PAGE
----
In a preferred embodiment the evaluation ratios are levels of significance expressed as qualitative data elements known as significance levels relating to the degree to which a particular product is deficient, marginal, meets or exceeds the response result for a particular question and/or related functional requirement.
Preferably the detailed requirement reflects how critical or necessary it is that the particular functional requirement be provided or met by the product or article, more particularly the detailed requirement is classified according to the categories: not required, desirable, useful and mandatory.
Preferably evaluation ratios between 1.0 and 2.0 are identified with the product result meeting the decision maker functional requirement, between 0.0 and 0.8 the product result being deficient, between 0.8 and 1.0 the product result being marginal, and above 2.0 the product result exceeding substantially the decision makers functional requirements.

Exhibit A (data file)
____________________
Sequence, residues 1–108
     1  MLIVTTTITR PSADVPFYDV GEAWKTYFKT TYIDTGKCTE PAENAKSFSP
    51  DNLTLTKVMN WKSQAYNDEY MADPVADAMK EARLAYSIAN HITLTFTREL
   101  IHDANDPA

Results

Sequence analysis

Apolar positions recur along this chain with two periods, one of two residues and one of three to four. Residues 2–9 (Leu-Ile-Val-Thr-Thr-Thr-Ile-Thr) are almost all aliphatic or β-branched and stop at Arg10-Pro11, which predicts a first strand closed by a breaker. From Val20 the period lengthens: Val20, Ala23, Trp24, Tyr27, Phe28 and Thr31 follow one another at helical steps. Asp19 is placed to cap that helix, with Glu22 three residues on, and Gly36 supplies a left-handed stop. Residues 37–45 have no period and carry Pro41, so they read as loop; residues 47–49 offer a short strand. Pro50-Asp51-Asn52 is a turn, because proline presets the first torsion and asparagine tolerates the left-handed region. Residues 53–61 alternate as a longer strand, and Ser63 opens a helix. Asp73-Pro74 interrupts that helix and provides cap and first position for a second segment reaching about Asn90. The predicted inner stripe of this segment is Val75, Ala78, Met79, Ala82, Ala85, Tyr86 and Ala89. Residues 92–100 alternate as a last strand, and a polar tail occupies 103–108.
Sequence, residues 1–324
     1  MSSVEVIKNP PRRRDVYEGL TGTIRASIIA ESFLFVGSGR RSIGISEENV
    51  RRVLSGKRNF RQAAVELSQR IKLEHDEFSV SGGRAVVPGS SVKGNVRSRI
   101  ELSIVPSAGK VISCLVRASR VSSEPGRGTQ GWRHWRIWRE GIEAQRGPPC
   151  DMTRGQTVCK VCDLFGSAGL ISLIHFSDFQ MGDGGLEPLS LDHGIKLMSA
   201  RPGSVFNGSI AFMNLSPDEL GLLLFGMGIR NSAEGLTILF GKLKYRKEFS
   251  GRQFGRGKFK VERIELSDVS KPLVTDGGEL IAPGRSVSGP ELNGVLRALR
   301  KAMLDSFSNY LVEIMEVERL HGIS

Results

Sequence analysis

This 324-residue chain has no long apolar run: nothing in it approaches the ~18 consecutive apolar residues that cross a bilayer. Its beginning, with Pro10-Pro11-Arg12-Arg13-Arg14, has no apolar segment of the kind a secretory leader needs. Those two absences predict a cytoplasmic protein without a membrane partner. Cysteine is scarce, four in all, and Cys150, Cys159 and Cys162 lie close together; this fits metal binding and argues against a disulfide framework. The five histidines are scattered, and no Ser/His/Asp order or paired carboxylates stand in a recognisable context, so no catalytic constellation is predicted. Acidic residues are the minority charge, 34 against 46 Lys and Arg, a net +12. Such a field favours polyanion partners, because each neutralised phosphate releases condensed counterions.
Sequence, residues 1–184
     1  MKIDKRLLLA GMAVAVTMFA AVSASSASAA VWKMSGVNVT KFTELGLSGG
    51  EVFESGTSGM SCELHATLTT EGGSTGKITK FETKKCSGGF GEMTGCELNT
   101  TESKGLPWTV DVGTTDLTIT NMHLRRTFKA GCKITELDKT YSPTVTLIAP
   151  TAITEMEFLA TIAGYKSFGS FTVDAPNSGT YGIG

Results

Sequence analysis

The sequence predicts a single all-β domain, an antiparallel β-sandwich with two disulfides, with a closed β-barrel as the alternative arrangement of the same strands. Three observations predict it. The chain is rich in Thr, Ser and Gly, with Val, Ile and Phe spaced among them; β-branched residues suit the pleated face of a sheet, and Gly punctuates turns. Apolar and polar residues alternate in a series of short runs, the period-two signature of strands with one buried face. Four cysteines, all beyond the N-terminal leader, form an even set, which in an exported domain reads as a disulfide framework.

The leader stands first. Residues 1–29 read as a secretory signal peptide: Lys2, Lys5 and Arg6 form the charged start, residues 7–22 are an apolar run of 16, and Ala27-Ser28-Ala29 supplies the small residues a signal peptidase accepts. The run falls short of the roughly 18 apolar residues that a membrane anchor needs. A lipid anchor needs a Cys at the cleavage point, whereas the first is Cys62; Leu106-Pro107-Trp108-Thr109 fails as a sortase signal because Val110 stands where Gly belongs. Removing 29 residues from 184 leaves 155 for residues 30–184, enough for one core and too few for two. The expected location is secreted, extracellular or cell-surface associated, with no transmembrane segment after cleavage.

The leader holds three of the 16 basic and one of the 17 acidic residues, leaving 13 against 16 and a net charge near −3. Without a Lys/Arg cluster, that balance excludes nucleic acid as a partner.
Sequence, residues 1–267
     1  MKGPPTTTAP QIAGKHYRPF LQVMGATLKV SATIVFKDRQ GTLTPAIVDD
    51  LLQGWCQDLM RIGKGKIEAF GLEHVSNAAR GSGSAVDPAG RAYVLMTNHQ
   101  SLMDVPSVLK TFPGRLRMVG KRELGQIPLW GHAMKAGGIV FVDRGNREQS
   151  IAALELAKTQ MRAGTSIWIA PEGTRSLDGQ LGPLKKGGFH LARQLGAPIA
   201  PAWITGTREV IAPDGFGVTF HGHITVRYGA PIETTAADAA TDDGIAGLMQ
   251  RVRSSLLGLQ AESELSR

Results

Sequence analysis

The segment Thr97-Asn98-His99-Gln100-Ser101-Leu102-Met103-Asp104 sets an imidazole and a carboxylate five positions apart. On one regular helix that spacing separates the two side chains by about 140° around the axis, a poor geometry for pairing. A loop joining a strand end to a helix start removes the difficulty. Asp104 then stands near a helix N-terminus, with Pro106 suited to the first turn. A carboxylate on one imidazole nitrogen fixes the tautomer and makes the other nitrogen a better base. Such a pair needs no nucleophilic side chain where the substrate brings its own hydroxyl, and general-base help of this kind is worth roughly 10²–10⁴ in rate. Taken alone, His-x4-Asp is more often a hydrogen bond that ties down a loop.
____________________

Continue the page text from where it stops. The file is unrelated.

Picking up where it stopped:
Preferably the output provides information relating to any modules which may provide the functional requirements of the decision maker and indicate how and in what module the functional requirements are provided.
Preferably the output also includes a means by which the cost of the article or product may be gauged as a function of meeting or exceeding the decision makers functional requirements.
Alternatively, the output may provide the cost of the product or articles, including any modules which may be required to meet or exceed the decision makers functional requirements.